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This Maryland photographer documented her son's growth using pizza slices and it's cute enough to eat

The Baltimore Sun

Baby Lorenzo may not have been ready for solid foods, but it didn’t stop his mom for ordering him a pizza once a month for the first year of his life.

Maryland photographer Dani Leigh Giannandrea’s photos of her baby went viral last week for their unique way of documenting his growth: using slices of pizza.

Giannandrea said Thursday she knew when her youngest son, Lorenzo, was born that she wanted to use her photography expertise to document his development.

With her first child, Charlie, Giannandrea tried to take monthly photos of him nestled in a vintage suitcase in his travel-themed nursery. However the project became too hectic and was put aside around the sixth month, she said.

After Lorenzo’s birth, Giannandrea decided to give a photo series another shot. She pitched a few setting ideas to her mother, who encouraged her to stick with a photo theme that highlighted the Italian origins of Lorenzo’s name.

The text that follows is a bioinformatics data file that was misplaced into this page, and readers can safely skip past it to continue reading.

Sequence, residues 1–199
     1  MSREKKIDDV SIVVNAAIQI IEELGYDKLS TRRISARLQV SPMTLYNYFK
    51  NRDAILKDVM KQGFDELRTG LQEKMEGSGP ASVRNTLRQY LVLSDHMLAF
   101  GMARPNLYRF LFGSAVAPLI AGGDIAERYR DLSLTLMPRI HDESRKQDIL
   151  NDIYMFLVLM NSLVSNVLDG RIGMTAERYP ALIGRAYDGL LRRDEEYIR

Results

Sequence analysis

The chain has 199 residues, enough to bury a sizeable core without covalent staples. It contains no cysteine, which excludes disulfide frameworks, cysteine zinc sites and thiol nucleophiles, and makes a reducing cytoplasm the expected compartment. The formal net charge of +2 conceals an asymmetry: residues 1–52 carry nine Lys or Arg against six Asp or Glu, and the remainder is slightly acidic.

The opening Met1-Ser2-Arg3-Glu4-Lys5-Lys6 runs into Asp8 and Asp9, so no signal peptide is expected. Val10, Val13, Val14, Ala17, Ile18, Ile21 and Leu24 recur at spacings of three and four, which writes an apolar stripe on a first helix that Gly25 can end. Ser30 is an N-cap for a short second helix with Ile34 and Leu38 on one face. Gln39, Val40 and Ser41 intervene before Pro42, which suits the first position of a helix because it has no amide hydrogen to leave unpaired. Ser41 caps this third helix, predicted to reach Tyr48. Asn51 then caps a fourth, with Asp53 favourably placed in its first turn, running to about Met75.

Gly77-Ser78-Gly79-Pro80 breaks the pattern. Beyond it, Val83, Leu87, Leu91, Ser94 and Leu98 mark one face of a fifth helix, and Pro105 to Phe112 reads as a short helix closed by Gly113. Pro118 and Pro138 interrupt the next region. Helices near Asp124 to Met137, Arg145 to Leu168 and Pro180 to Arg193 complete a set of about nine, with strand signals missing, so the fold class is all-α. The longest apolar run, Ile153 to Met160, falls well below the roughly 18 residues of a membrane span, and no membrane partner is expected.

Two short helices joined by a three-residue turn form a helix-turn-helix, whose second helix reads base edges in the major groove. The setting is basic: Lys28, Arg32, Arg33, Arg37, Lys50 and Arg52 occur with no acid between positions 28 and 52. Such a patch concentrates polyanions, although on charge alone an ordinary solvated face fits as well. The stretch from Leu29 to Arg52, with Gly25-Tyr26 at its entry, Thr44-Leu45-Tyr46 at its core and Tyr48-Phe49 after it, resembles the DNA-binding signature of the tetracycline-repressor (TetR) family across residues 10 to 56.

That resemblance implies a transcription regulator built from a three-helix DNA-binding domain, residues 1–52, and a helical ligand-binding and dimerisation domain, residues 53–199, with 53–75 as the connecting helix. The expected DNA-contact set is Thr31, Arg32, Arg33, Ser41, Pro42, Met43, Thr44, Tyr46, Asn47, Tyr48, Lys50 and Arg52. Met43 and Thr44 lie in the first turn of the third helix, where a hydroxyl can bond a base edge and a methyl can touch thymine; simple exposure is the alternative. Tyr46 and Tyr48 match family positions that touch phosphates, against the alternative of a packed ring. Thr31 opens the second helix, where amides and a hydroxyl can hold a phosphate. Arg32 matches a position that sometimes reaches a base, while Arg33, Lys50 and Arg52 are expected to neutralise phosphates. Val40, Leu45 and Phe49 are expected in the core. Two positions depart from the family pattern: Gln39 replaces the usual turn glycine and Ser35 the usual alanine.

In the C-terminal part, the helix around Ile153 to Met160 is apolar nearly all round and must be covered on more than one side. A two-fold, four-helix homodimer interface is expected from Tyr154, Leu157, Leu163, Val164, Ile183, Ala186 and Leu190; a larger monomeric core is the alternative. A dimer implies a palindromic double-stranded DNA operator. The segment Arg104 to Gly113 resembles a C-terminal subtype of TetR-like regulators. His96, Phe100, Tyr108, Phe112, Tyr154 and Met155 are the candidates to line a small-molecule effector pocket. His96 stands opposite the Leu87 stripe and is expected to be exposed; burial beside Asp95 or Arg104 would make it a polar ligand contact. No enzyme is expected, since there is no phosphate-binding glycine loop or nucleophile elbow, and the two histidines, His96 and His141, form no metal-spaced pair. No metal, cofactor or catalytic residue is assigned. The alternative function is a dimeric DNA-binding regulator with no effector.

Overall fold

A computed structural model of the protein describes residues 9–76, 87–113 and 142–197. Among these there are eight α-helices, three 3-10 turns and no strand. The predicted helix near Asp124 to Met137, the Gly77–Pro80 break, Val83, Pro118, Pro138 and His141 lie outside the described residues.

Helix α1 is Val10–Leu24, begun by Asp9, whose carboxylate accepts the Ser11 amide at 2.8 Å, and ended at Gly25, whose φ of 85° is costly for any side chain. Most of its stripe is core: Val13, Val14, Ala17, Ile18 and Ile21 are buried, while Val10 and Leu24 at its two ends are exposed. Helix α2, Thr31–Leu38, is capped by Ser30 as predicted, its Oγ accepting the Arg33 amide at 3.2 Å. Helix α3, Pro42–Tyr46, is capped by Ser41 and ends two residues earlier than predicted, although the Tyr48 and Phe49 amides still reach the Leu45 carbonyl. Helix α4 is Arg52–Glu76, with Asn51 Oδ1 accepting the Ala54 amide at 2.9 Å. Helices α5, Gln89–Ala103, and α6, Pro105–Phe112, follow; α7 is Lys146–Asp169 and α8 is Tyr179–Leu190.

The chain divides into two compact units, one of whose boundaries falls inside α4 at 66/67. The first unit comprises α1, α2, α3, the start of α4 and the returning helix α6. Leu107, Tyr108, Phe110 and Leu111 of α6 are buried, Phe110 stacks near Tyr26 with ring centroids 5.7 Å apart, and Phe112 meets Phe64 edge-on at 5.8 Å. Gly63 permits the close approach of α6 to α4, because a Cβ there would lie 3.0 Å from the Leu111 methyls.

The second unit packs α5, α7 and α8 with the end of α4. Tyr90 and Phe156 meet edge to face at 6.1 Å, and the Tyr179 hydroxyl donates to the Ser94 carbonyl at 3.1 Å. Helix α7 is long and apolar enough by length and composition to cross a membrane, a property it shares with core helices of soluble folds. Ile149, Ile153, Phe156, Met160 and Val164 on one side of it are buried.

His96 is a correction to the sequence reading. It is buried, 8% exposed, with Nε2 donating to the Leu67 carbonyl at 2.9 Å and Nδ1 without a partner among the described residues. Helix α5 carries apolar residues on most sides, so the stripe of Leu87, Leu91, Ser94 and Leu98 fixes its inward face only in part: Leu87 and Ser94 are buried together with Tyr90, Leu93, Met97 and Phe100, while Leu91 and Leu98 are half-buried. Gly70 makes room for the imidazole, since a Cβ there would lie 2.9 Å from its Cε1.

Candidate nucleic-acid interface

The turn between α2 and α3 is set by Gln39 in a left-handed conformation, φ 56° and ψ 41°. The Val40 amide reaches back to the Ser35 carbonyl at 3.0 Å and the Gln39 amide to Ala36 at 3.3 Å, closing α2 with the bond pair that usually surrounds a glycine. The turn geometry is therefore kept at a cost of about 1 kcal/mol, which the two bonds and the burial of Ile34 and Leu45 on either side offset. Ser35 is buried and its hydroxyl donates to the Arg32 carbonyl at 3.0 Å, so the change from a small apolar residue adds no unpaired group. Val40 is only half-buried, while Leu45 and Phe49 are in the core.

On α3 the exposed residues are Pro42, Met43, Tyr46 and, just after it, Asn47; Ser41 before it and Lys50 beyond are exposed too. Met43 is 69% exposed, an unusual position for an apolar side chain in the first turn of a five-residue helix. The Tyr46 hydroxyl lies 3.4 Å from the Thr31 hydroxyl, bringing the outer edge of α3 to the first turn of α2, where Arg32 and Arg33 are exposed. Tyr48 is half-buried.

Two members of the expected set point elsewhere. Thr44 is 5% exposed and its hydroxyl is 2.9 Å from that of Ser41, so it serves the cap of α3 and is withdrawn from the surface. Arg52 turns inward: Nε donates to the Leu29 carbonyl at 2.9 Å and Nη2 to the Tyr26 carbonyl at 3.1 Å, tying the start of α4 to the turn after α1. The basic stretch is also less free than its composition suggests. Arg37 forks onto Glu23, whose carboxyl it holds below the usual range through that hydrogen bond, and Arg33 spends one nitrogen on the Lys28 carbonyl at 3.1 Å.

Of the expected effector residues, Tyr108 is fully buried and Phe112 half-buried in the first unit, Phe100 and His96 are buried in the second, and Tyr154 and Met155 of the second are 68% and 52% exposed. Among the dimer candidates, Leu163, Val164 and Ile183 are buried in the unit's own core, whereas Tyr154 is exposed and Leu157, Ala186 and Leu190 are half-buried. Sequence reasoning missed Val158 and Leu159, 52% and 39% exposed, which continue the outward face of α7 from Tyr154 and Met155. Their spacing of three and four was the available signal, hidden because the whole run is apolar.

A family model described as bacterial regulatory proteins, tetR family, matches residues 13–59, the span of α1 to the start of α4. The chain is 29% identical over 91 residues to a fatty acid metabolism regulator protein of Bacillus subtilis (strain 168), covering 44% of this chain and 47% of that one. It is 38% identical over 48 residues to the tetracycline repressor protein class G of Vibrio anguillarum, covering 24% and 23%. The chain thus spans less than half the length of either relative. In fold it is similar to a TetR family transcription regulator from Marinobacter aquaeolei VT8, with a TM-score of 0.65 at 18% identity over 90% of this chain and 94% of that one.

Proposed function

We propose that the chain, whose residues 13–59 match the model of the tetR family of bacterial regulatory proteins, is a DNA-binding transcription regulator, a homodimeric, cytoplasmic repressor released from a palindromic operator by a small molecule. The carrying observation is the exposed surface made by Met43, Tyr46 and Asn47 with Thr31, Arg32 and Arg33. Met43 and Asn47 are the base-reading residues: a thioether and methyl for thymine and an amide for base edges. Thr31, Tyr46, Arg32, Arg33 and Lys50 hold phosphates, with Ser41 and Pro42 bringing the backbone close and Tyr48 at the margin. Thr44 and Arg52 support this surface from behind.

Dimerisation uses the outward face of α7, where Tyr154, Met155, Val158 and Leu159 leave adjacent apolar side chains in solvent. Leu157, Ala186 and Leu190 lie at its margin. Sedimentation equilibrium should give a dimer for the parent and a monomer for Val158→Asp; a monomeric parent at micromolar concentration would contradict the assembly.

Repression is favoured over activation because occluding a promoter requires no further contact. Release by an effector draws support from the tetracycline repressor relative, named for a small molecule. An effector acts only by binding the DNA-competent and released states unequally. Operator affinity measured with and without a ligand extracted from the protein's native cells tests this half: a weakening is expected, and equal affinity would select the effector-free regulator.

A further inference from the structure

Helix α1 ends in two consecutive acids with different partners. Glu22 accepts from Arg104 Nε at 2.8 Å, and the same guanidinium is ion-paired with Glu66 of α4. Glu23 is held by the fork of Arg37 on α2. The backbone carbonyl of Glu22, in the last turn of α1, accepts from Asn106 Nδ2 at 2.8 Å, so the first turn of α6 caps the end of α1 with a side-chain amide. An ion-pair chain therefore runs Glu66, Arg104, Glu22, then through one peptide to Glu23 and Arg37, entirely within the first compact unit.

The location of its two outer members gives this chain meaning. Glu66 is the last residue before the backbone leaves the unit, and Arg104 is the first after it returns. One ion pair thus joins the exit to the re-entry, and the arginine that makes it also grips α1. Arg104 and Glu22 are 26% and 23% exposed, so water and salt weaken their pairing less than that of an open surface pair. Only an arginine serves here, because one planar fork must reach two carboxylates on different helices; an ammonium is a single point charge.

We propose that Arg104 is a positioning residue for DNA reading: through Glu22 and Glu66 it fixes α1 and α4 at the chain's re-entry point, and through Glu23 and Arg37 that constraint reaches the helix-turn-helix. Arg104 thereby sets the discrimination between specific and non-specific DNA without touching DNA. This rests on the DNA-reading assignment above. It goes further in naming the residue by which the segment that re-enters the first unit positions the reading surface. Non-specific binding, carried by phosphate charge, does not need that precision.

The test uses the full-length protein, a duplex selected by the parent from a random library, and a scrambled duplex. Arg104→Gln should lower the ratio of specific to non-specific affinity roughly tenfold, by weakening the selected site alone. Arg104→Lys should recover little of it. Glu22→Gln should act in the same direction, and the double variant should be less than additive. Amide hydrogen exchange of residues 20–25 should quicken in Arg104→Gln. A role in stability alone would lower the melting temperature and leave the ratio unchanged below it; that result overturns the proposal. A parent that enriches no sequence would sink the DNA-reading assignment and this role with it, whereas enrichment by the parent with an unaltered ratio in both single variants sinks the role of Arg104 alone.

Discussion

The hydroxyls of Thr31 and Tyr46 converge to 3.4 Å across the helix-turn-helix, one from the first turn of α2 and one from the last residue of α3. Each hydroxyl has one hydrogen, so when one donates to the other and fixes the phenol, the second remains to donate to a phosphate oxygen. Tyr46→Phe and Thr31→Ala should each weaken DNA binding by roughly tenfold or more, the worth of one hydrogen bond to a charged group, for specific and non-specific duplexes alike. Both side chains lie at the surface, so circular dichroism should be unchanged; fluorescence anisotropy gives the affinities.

“I settled on pizza, because I could get pizza once a month,” said Giannandrea, who is based in Frederick.

In each of the 12 photos, the baby boy lies on top of an open pizza box, with a corresponding number of pizza slices next to him to represent each month of his first year.

As the months went on and Lorenzo got bigger, the shoots became harder to pull off — in part because Maryland’s rainy weather last summer made lighting in the family’s kitchen inconsistent. Also, Lorenzo enjoyed wiggling around more than posing next to the pies.

“He'd role into the pizza and be covered in grease,” she said. “The good news is the white onesies come in a pack of six.”

While posting anything personal to the internet can open the door to criticism, Giannandrea says she has only seen positive comments and messages from people.

“There's been one girl that thought my baby is a doll, but that's as controversial as it gets,” she said.

Despite the success of the baby shoot, Giannnandrea’s “bread and butter” is still wedding and family portrait photography, she said. She hopes that parents viewing her photos take away a sense of humor and remember that family photos can be fun.

“I try to just keep it really laid back,” she said. “Pictures aren't serious, but I want to have these memories. I want to take photos of my kid with more than just my cell phone.”

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